When the launch of Flora Freedom and The Boy’s birthday came along at the same time, it only seemed serendipitous to make the most gloriously gooey vegan chocolate fudge cake you’ll ever lay lips on.
I’ve made a non-vegan version of this bad boy a few times but as I’ve started eating mostly vegan and vegetarian food at home, I thought I’d challenge myself to make a vegan alternative. The good news? It is better than its non-vegan counterpart.
This is thanks in large part to Flora Freedom; the brand’s new plant-based butter alternative is completely free from artificial preservatives, colours and flavours, has 60% less saturated fat than butter, and is Vegan & Vegetarian Society approved.
Whether you’re swapping dairy out for a day or a lifetime, this spread (and this cake!) are essentially vegan squad goals.
For the icing and filling –
75g Flora Freedom
175g icing sugar
3 tbsp cacao powder
1 tbsp of soya or coconut milk
For the cakes –
175g self-raising flour
2 tbsp cacao powder
1 tsp bicarbonate of soda
150g caster sugar
2 tbsp ground flaxseed + 6 tbsp water mixture (works as an egg replacement)
150 ml (1/4 pint) sunflower oil
150 ml (1/4 pint) soya or coconut milk
2 tbsp golden syrup
To garnish –
Vegan/dairy-free chocolate of your choice, grated (I adore the Artisan du Chocolat Orchid & Orange Blossom Dark Bar, for flavour, but it is completely up to you!)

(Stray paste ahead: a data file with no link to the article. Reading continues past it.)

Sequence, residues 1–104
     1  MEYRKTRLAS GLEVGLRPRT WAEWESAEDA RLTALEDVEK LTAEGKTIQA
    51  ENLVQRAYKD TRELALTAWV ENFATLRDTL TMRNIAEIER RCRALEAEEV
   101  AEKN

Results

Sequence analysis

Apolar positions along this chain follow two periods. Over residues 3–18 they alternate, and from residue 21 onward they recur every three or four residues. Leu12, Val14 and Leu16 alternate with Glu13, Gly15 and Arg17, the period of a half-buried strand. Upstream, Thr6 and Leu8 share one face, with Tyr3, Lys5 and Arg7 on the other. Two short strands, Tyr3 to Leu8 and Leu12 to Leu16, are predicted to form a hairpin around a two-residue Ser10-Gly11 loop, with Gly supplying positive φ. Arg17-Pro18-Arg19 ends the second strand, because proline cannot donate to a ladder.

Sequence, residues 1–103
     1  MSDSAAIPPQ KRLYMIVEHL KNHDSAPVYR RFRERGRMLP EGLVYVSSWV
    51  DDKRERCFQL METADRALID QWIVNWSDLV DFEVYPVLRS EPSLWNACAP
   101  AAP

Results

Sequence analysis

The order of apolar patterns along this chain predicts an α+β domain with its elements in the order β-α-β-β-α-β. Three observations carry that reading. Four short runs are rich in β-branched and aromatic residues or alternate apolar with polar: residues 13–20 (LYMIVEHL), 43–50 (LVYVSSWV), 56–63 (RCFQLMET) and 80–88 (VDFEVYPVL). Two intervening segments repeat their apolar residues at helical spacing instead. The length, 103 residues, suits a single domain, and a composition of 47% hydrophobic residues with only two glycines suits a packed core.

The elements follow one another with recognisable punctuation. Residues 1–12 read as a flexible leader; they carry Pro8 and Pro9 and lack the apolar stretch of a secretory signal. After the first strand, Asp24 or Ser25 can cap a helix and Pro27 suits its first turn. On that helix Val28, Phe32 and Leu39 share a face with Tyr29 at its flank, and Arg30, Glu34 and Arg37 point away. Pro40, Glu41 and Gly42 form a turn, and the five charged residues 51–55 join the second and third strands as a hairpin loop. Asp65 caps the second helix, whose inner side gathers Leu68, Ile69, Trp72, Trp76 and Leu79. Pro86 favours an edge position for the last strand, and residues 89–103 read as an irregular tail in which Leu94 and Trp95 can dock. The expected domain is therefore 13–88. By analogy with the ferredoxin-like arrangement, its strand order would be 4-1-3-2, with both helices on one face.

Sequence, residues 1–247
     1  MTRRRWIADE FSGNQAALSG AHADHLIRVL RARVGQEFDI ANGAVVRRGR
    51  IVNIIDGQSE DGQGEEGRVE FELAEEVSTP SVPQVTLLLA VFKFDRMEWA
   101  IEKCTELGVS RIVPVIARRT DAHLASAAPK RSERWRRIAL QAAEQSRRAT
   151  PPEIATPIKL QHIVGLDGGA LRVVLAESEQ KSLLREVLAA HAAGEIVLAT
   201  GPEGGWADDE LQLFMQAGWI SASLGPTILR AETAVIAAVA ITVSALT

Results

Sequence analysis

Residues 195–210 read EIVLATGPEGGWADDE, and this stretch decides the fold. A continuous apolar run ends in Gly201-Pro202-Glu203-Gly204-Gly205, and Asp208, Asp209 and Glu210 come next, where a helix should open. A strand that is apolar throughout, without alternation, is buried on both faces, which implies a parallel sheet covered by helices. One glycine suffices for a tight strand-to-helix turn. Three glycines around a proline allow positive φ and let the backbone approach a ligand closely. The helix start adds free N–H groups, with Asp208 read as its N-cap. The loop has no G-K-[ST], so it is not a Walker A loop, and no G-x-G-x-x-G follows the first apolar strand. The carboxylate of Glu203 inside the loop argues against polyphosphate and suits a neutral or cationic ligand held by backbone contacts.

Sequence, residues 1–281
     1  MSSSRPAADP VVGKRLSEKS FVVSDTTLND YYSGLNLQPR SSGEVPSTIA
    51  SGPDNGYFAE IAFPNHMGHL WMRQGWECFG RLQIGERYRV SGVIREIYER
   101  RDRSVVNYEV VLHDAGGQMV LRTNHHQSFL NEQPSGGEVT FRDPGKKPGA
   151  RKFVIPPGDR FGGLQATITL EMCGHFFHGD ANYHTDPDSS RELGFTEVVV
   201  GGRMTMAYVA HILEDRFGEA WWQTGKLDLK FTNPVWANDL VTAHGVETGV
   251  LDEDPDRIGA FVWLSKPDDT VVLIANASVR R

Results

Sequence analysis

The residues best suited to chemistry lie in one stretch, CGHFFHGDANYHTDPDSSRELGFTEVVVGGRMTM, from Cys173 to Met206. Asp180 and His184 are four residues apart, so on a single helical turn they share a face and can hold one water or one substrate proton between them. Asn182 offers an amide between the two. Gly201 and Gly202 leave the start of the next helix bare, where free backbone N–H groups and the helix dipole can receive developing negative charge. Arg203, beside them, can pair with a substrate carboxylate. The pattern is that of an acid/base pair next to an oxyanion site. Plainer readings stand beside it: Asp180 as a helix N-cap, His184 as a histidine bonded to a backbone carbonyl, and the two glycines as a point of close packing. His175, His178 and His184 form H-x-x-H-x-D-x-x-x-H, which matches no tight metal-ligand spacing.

How-to make the best dairy-free chocolate fudge cake, ever:
1. Pre-heat your oven to 180ºC/350F then grease two 18cm (7-inch) cake tins.
2. Sieve the flour, cacao and bicarbonate of soda into a bowl, followed by the sugar. Mix well.
3. Make a well in the centre of the bowl and add the syrup, egg replacement mixture, oil and ‘milk’ of your choice. Beat well with an electric whisk until smooth.
4. Spoon the mixture into the two tins and bake for 25-30 minutes until risen and firm to the touch.
5. Remove from oven and leave to cool before turning upside down onto a cooling rack.
6. To make your icing, place Flora Freedom in a bowl and beat until soft. Gradually sift and beat in the icing sugar and cocoa powder then add enough of your chosen milk (a splash tends to be enough) to make the icing soft and spreadable.
7. When cool, ice the top of one cake with your icing and sandwich the other cake on top. Then cover the sandwich’s sides and top with the rest of the icing.
8. To ‘jazz it up’, use a knife to carve a light swirl into the top of the icing (it’s not easy – as my mistakes show! – but perfection isn’t necessary) and garnish the sides with your grated chocolate pieces.
Last week, I finally made it down to the Fashion and Textile Museum with Farfetch and a few blogging loves to view the designers’ showcase and left completely charmed.
From the 1970s, Ottavio Missoni chose large wall hangings – made with knitted patchwork – as the focus for his artistic expression and all things artistic (the exhibit features pieces from Gianni Monnet and Sonia Delaunay) and tactile (just wait until you see the triangle of archived pieces) tell the couple’s sartorial story beautifully.
We chased the excursion with a trip to the 31st floor of The Shard for afternoon tea at Aqua which, though brilliant, paled in comparison to the viewss and reiterated just how powerful art and architecture influence our concepts of beauty.